This article was originally published in The Notebook. In August 2020, The Notebook became Chalkbeat Philadelphia.
A group of high-powered philanthropists, business leaders, public officials, and educators say they have the financial and political clout – and the determination to support schools that “work” and close down schools that don’t – to make Philadelphia the highest-performing urban district in the nation within five years.
The effort, called the Philadelphia Schools Partnership, was officially launched Thursday at a crowded event at the National Constitution Center. It has the goal of raising more than $100 million over five years to support high-achieving schools whether they are public, charter, parochial, or private.
“This is bringing together a group that has never before worked together to improve schools,” said developer Michael O’Neill, the driving force behind the initiative. “We’re trying to get rid of categories, trying to get rid of the labels, and support excellent education.”
O’Neill said that the group had already raised $16 million from its group of founders and unnamed other philanthropists.
Most of the money, $93 million, will go to “great schools creation,” primarily helping charter organizations to expand and take over low-performing District schools. The group also plans to shore up high-performing Catholic and private schools and help the Catholic school system create a 10-year strategic plan.
Other money will go towards assessing and rating schools, promoting parent and community engagement, sharing best practices, and coordinating facilities. O’Neill said that the School District is sitting on 45,000 unused seats in schools, while charter schools scramble to find buildings.
It also hopes to raise money from national foundations interested in education.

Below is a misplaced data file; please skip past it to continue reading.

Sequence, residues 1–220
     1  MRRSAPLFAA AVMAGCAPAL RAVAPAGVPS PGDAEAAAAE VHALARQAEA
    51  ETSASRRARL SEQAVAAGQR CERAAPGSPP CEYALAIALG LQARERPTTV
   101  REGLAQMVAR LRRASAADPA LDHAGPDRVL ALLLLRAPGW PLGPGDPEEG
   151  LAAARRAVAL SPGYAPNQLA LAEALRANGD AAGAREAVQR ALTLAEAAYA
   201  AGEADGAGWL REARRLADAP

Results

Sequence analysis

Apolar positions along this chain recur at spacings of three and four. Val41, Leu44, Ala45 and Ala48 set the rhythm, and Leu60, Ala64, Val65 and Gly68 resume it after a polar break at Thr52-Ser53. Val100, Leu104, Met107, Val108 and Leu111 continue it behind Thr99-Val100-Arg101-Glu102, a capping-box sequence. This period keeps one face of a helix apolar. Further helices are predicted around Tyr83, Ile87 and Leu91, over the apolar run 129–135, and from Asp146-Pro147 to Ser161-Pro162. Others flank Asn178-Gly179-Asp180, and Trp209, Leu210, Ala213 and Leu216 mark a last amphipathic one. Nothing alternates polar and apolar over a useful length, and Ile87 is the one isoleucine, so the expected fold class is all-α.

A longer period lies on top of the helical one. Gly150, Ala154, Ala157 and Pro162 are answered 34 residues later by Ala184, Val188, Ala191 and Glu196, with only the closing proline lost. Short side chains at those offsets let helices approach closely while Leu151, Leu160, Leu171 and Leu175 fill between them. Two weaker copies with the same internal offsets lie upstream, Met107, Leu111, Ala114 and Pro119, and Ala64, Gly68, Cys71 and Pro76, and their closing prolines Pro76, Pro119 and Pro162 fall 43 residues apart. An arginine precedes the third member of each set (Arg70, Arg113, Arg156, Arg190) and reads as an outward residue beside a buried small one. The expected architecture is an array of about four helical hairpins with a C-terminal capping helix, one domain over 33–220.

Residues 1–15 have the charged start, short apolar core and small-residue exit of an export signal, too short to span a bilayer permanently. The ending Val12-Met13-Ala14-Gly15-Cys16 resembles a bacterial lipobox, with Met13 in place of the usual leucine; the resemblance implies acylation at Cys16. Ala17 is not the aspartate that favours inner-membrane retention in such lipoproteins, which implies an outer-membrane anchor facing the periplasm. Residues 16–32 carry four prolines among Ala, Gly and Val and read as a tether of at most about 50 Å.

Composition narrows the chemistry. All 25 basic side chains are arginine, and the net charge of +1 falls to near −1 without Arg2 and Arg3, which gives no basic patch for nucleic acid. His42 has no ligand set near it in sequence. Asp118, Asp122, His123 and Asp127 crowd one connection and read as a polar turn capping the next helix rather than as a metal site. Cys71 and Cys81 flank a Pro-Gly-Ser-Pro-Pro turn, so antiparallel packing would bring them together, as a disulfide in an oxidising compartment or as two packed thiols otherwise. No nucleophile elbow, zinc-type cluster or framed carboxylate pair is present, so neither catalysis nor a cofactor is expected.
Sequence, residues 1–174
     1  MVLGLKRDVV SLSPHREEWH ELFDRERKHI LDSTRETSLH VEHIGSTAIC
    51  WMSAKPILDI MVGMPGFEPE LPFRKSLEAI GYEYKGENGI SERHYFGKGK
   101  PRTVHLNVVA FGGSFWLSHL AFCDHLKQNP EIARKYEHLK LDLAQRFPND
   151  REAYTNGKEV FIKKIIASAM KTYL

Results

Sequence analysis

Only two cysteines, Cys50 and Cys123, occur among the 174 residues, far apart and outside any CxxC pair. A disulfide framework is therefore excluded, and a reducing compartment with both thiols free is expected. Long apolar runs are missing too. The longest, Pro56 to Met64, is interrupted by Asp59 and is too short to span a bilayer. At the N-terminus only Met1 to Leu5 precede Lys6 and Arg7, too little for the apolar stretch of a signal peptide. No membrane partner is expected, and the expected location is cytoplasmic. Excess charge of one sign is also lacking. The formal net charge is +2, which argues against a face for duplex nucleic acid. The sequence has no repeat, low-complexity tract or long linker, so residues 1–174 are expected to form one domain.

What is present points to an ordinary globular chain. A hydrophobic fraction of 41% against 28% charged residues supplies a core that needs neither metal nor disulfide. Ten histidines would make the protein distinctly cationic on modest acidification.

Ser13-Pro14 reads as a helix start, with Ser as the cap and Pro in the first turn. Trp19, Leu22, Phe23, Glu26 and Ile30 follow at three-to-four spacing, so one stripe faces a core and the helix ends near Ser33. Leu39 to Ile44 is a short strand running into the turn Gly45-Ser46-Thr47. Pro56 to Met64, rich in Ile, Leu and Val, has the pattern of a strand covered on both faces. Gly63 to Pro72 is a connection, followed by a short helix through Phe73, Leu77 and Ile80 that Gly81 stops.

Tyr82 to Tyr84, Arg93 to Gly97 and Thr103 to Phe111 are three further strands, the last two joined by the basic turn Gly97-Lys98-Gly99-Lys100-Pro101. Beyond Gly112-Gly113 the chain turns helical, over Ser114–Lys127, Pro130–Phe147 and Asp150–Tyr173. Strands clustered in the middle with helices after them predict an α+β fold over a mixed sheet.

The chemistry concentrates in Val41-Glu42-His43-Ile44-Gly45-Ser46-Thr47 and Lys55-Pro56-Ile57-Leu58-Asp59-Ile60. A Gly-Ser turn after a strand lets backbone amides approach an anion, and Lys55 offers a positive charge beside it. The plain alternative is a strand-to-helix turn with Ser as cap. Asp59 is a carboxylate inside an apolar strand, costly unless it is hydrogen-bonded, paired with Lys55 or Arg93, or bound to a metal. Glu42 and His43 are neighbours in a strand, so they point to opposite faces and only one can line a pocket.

The assemblage included business and foundation leaders and officials from all three sectors – charter schools, the District, and the archdiocese. Mayor Nutter was in Harrisburg, but his wife, Lisa Nutter, who works with Philadelphia Academies, was in attendance. Lori Shorr, who runs Nutter’s education office, made a speech.
She said she was “thrilled” at the initiative. “A day like this is something I couldn’t have imagined eight years ago,” Shorr said.
O’Neill said that his organization would set a high bar in choosing which charter operators to invest in, rating schools based largely on the School District’s own performance index. That index tracks improvements in test scores as well as raw scores and overall student proficiency rates.
The goal is to create 26,000 additional “high-quality” seats in District schools, he said. The group’s materials say that Philadelphia could stake a claim as the highest performing urban district if 20 percent more children reach proficiency on state tests, which would put Philadelphia above the state average.
Now, 55 percent of Philadelphia students reach proficiency, compared to 73 percent in Pennsylvania. Accomplishing this is “ambitious, but not impossible,” O’Neill said.
The focus of the partnership is on charter school expansion, along with conversion of low-performing public schools into charters under Superintendent Arlene Ackerman’s Renaissance Schools initiative, the organizers said. Still, O’Neill said his group would lobby in Harrisburg for fair funding of city schools, urging legislators to continue to make the investment because the District and power brokers are “doing the right thing” by trying to duplicate success and close low-performing schools, whether they be District or charter.
The gubernatorial election is less than a month away, and both the Democratic and Republican candidates have endorsed a version of school vouchers while education has not been a big topic overall in the election. With the federal stimulus funds ending and the recession cutting into state revenues, the state funding formula and Gov. Rendell’s increases in the basic education subsidy are in jeopardy – which could mean a deficit approaching $300 million for city schools next year.